In Tamil Nadu, the DMK got 23.6 per cent of the vote – and bagged zero seats. The BJP-led five-party alliance got 18.6 per cent but bagged two seats. There were five-cornered fights in many places. That is, the AIADMK, the DMK, the BJP-led alliance, the Congress and the Left. Ultimately, the AIADMK took all but two of the 39 seats with 44 per cent of the vote.
In West Bengal, the Left Front got nearly 30 percent of the vote and just two seats. The Congress got less than 10 per cent but took four. The Trinamool Congress got 40 per cent of the vote, but 80 per cent of the seats, winning 34 of the 42 in the state.
Do these kinds of waves hold much water? Some 60 per cent of Indians who voted did not favour the BJP and its allies.
Is it time to consider bringing in some degree of proportional representation? Perhaps, for a start, by placing a third of Lok Sabha seats under PR while the rest remain in the first-past-the-post system. We’d be able to compare the outcomes.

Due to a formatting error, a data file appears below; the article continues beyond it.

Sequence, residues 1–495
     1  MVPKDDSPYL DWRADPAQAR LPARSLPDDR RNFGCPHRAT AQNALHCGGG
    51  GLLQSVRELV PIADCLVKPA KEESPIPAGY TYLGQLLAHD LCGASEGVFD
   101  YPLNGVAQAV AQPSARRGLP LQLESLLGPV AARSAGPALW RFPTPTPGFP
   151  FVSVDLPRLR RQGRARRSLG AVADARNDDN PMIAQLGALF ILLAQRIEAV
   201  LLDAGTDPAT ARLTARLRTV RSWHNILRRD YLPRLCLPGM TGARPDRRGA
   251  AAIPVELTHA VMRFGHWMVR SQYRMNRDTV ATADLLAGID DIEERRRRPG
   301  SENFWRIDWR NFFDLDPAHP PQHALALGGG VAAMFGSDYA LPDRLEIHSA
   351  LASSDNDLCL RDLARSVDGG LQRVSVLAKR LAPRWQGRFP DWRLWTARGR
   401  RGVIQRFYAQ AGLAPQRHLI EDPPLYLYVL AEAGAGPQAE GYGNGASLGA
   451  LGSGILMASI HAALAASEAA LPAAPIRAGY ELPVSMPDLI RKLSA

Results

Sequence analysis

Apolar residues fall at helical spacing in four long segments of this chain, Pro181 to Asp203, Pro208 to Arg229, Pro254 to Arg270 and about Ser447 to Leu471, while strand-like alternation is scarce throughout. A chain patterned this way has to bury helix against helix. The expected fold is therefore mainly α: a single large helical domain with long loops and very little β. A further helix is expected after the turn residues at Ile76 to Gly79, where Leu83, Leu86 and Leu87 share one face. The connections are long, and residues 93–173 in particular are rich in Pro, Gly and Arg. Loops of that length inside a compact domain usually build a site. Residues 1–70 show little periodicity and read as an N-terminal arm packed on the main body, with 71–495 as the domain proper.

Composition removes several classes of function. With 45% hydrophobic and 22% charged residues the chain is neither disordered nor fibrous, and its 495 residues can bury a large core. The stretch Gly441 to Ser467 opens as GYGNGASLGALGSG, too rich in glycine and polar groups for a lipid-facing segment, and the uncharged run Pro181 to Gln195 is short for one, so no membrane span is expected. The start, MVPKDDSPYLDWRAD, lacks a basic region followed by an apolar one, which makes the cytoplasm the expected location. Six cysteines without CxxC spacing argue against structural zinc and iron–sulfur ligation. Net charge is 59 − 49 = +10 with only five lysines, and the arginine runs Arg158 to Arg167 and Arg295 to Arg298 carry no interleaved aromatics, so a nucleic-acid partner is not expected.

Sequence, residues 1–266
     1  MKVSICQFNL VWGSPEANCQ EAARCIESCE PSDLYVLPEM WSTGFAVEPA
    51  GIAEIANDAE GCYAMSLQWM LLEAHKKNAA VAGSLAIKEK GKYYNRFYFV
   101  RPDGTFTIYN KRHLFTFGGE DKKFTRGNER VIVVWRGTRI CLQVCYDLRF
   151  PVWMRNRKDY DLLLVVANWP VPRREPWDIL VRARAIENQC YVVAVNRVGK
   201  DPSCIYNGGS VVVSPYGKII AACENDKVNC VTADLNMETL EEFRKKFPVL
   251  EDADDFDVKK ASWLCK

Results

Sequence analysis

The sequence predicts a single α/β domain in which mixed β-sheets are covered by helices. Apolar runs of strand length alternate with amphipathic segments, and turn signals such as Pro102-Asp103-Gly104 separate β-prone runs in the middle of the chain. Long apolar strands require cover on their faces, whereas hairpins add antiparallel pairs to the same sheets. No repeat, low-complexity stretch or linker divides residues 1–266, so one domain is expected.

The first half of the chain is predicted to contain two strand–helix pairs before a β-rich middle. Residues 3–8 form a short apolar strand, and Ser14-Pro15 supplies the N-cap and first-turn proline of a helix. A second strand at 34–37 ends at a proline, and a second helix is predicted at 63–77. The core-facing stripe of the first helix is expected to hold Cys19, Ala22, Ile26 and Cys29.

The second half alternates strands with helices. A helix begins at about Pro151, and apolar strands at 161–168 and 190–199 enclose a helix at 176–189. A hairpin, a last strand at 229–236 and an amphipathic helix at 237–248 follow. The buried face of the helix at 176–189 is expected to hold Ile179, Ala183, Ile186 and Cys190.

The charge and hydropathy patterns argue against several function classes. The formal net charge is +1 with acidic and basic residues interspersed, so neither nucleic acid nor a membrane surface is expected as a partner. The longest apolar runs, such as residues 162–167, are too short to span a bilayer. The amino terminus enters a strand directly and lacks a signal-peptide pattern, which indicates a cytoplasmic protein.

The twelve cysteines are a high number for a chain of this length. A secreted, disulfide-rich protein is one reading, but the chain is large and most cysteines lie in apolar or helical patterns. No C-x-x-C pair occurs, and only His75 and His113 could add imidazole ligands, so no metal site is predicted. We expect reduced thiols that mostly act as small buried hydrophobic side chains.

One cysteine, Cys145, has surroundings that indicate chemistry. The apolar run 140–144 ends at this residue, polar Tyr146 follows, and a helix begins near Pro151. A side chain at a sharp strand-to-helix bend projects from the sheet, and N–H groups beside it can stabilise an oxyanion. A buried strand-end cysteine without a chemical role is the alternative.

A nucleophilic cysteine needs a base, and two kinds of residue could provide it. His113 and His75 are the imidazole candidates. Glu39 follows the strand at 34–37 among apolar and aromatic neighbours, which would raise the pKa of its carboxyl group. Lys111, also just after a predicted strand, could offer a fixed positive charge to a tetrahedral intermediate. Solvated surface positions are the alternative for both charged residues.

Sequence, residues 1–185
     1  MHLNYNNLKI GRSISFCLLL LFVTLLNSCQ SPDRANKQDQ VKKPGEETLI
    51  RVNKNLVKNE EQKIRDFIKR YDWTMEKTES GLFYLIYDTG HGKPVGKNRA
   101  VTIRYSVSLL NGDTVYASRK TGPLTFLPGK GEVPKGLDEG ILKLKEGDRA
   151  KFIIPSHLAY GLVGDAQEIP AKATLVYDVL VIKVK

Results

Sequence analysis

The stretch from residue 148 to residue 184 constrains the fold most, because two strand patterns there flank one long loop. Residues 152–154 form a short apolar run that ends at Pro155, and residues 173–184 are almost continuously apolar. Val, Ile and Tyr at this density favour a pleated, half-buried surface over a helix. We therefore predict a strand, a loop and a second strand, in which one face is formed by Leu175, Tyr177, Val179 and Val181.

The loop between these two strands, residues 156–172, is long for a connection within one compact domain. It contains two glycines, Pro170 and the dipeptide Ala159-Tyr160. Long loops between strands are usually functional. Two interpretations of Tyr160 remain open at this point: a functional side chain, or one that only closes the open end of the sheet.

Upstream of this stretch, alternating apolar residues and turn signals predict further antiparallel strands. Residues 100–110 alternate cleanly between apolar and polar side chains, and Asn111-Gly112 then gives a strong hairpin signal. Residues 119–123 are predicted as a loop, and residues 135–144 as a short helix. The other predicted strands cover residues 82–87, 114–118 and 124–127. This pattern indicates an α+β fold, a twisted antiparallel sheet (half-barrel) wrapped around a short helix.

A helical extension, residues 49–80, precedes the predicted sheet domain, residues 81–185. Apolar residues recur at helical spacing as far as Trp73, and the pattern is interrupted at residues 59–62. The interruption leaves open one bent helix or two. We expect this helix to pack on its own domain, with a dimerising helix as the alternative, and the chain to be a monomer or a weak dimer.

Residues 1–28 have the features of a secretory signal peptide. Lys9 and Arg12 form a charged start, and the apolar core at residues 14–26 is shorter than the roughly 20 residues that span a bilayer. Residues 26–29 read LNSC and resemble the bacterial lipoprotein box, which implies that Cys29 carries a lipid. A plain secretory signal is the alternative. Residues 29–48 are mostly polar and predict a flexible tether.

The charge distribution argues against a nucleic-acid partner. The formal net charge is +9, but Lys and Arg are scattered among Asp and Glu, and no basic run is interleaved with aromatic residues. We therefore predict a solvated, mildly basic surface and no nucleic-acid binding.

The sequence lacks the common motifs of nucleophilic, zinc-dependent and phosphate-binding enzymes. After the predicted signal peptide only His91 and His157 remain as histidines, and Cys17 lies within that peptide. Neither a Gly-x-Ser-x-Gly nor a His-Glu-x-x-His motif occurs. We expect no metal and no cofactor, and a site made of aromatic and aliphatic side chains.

And now it’s future tense
Narendra Modi’s appeal went down well, too, with sections of a younger generation that reached adulthood years after the massive communal riots and bloodshed that shook the country between 1980 and 2002. Sections that have also grown up in a neo-liberal environment and know no other. That believe, together with several older ones too, that he will deliver on the millions of jobs needed.
The media have been cloying in their praise of Modi’s ‘focus on development.’ How good to see a departure from that archaic communal rhetoric. Well, let’s skip the Gujarat ‘model’ for now, that’s another story. Modi did not stir the communal or caste cauldrons. He outsourced that job to the likes of Amit Shah, Giriraj Singh, Baba Ramdev and others. While he plugged development, they promised doomsday. That campaign brewed a deep sense of fear and insecurity that won’t easily go away.